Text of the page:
What is Variant Angina?

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  • Written By: Malcolm Tatum
  • Edited By: Bronwyn Harris
  • Last Modified Date: 15 July 2019
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Also known as Prinzmetal’s angina, variant angina is a type of chest pain that occurs without any warning and normally lasts for only short period of time. Unlike other forms of angina that are triggered by activity, variant angina is more likely to occur when the individual is resting or attempting to sleep. The attacks can range from slightly irritating to extremely painful. Like all forms of angina, this condition is a sign that something with the cardiovascular system is not functioning properly.

The root cause of variant angina is a condition known as a transient coronary artery spasm. This spasm occurs when there is difficulty in pushing blood through an artery. In most cases, the location of the spasm is very near the area where the partial blockage is most pronounced. Episodes of spasms may occur swiftly and without warning, and disappear as quickly as they came.

Unlike other types of angina, variant angina is somewhat harder to detect. Since it does not typically occur during exercise, the treadmill test that is often used to identify the occurrence of other forms of angina will not be helpful. In like manner, conducting an electrocardiogram will not detect Prinzmetal’s angina unless the chest pains are occurring at the time the test is administered. In some cases, a diagnosis for this form of angina is made when tests have ruled out any other form of the condition.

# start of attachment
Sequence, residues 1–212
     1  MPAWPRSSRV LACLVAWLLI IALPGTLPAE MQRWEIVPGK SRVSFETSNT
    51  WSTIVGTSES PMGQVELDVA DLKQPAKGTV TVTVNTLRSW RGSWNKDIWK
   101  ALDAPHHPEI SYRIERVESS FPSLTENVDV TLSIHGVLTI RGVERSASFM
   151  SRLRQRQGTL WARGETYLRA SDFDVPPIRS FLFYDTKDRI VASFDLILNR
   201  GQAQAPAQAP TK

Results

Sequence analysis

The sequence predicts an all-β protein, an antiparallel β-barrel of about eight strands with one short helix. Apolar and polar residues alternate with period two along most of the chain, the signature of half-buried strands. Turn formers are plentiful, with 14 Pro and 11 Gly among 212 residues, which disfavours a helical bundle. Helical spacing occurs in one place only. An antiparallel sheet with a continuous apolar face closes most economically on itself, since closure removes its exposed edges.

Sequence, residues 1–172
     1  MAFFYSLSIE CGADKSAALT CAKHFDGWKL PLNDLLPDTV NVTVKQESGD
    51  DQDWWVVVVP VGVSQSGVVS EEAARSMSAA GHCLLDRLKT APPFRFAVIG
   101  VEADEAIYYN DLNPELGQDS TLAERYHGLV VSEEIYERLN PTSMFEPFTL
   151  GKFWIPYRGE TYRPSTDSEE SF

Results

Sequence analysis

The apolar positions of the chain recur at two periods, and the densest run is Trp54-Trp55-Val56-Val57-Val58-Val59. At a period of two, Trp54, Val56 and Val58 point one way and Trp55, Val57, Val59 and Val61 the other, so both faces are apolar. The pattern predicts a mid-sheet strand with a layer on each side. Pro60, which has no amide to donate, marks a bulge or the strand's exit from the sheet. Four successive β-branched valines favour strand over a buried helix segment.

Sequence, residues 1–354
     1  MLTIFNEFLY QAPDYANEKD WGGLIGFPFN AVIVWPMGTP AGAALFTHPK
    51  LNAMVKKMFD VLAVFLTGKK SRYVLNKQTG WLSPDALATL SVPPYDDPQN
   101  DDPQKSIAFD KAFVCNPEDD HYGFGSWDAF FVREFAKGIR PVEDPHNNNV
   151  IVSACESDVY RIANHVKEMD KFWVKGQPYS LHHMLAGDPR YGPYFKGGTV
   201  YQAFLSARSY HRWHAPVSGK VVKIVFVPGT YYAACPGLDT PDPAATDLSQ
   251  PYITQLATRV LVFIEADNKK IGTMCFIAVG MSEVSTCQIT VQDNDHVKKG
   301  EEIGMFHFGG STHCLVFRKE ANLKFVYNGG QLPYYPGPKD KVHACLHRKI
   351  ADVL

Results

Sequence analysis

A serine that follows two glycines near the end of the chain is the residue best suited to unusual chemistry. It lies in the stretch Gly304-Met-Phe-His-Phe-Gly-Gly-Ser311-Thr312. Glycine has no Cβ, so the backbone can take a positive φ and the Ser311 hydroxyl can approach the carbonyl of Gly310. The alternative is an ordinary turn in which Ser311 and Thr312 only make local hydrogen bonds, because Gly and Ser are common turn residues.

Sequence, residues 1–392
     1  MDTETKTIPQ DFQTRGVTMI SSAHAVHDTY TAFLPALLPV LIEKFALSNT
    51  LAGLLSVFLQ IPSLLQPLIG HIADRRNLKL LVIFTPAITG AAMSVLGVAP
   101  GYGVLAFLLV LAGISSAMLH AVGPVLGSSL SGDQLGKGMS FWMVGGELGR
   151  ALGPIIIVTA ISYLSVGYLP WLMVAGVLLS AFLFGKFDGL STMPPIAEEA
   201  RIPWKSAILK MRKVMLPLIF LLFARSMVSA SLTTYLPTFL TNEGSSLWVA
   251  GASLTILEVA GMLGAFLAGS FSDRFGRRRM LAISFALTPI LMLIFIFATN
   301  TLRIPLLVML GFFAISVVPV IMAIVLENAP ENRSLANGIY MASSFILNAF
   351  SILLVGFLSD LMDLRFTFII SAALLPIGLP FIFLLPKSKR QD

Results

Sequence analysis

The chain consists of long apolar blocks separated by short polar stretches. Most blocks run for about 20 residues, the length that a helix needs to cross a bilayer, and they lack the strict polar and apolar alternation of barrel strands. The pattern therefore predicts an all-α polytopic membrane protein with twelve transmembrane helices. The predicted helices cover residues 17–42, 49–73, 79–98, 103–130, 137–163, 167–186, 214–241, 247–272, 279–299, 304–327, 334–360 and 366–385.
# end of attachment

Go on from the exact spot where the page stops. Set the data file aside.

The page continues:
There are several ways to treat variant angina. One of the more common is the use of nitrates to help control the spasms. In some people, nifedipine and other types of dihydropyridine calcium channel blockers are effective in controlling the angina. Some people who make use of herbal and vitamin supplements report that their chest pains are minimized by the use of magnesium supplements, sometimes in connection with potassium. In severe cases, surgery to correct the blockage causing the spasms may be the most effective means of eliminating variant angina.

Since chest pain can be a symptom of a number of different health issues, it is important to seek medical attention immediately. While the underlying cause may not be variant angina or some other pain that indicates some form of ischemic heart disease, a quick diagnosis makes it possible to begin treatments immediately. Should the origin of the chest pain be a partially blocked artery, treatment now rather than later can make the difference between successfully overcoming the condition and dying from a heart attack.



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